After Storment retired in 2006, the Rev. Dr. C. Patrick Ormos accepted a call to come to St. Francis from Valparaiso, Indiana, to serve as rector. Ormos has made worship, lay ministry and outreach his focus at St. Francis, and has worked with the congregation on a visioning process that emphasizes four major areas: care and compassion; stewardship; fellowship and inclusion; and Christian formation.



At Ormos’ suggestion, the parish amended its mission statement again in 2007to “Celebrating God’s Love with Everyone.” St. Francis instituted a parish nurse program and a Godly Play curriculum for young children. It also revamped its new member ministry and pastoral care activities such as Community of Hope.


Much of the neighborhood surrounding St. Francis has changed. Low-income apartment areas once plagued by youth gangs and crime in the 1990s are now heavily occupied by refugee families from the Middle East, Africa and Asia who were relocated to San Antonio through international humanitarian efforts. In recent years, St. Francis has expanded its partnerships in the community with Family Service Association, the University of Texas Health Science Center, the San Antonio Food Bank, police, city and school officials and others, to provide a wide range of support to those in need.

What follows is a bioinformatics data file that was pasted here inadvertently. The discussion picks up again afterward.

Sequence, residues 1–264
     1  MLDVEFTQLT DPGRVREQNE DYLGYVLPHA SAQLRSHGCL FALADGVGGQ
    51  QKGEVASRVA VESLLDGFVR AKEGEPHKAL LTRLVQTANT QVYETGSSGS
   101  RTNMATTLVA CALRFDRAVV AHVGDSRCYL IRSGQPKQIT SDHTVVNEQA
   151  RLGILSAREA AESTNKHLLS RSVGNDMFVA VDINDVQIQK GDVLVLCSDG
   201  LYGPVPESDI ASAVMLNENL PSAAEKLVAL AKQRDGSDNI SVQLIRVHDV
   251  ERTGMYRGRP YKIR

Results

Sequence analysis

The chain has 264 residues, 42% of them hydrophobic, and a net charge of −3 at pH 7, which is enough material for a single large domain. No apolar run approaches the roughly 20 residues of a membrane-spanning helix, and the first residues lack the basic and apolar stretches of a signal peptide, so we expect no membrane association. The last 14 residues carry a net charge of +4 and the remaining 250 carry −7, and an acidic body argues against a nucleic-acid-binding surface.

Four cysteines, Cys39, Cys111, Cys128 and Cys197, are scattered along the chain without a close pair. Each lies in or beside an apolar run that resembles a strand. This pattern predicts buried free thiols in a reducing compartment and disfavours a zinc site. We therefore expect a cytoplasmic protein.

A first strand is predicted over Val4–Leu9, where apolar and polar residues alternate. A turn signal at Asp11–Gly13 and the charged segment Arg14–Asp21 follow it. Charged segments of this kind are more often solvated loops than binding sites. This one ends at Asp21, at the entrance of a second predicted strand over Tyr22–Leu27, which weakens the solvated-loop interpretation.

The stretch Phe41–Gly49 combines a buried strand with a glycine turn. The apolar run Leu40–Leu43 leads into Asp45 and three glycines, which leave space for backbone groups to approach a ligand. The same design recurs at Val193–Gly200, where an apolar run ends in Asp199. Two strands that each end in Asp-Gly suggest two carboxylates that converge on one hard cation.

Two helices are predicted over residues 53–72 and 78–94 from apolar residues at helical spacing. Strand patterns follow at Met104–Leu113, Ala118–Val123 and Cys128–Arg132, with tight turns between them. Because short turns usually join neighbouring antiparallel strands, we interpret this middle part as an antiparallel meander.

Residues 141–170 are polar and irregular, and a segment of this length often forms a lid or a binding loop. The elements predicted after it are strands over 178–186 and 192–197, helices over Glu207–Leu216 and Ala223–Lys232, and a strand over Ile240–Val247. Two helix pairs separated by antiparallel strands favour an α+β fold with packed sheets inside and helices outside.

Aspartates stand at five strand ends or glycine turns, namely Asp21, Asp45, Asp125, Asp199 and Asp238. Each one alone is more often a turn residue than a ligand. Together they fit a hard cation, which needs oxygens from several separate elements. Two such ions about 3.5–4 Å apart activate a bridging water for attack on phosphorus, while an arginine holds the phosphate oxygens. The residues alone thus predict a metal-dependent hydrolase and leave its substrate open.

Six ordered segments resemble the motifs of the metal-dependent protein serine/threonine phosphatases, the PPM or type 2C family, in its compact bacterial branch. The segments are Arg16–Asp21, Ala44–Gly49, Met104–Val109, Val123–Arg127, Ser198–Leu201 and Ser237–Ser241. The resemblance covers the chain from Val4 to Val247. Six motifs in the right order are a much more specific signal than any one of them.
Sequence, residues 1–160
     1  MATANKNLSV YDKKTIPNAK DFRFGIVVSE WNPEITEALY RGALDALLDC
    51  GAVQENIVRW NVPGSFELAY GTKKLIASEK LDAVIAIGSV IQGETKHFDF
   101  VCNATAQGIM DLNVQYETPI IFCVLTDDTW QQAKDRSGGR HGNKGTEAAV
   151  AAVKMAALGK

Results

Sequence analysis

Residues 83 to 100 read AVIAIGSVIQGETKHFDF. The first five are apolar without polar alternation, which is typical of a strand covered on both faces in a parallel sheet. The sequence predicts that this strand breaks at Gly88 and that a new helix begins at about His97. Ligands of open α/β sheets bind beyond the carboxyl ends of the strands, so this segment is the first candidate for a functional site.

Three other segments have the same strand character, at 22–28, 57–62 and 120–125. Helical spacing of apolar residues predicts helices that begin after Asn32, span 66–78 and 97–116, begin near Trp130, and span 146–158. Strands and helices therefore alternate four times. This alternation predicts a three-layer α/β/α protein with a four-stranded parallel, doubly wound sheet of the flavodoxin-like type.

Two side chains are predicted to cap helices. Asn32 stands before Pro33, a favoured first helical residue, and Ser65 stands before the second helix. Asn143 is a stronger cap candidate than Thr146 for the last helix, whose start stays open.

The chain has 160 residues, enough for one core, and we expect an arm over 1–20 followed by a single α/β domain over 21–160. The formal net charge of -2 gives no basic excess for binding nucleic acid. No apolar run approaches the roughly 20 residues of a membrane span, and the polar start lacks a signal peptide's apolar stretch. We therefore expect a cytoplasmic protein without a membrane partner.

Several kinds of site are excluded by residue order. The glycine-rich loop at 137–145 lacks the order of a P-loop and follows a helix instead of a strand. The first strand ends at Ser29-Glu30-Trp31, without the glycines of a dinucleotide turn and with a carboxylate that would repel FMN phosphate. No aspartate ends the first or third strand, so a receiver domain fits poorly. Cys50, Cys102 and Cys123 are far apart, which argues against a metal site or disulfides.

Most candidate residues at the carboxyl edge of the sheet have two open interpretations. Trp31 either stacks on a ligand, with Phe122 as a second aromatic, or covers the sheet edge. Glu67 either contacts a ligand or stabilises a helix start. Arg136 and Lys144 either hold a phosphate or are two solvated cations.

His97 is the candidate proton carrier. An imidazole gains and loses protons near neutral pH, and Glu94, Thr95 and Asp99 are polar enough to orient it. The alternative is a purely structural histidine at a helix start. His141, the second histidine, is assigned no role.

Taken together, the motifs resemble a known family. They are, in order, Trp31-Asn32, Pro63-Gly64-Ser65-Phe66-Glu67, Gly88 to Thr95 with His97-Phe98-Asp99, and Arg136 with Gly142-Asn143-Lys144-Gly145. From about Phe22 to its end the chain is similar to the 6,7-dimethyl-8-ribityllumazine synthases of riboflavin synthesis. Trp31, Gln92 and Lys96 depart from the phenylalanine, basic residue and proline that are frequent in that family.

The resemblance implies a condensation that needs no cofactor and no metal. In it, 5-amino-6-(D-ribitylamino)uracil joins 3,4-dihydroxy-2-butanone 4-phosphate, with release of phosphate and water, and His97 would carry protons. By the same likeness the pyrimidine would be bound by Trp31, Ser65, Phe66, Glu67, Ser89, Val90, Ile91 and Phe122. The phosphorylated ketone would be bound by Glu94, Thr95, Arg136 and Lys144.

Today, St. Francis offers spiritual support, health clinics and other forms of outreach, from warm coats for children to kitchenware and blankets, through its programs of compassion and care. During 2011, the parish became a food bank distribution point and broke ground with local partners on an “International Community Garden,” where refugees from Burma and Bhutan have begun growing their own vegetables.  

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Ormos said St. Francis still presents a positive image of a congregation passionately involved with its neighborhood, city and region, as an extension of the mission it began a half-century ago.


“We love because Christ loves us,” he said. “As we continue to grow in the future, it is that experience of being a loving, caring and serving community which continues to draw others from all walks of life to work with us.”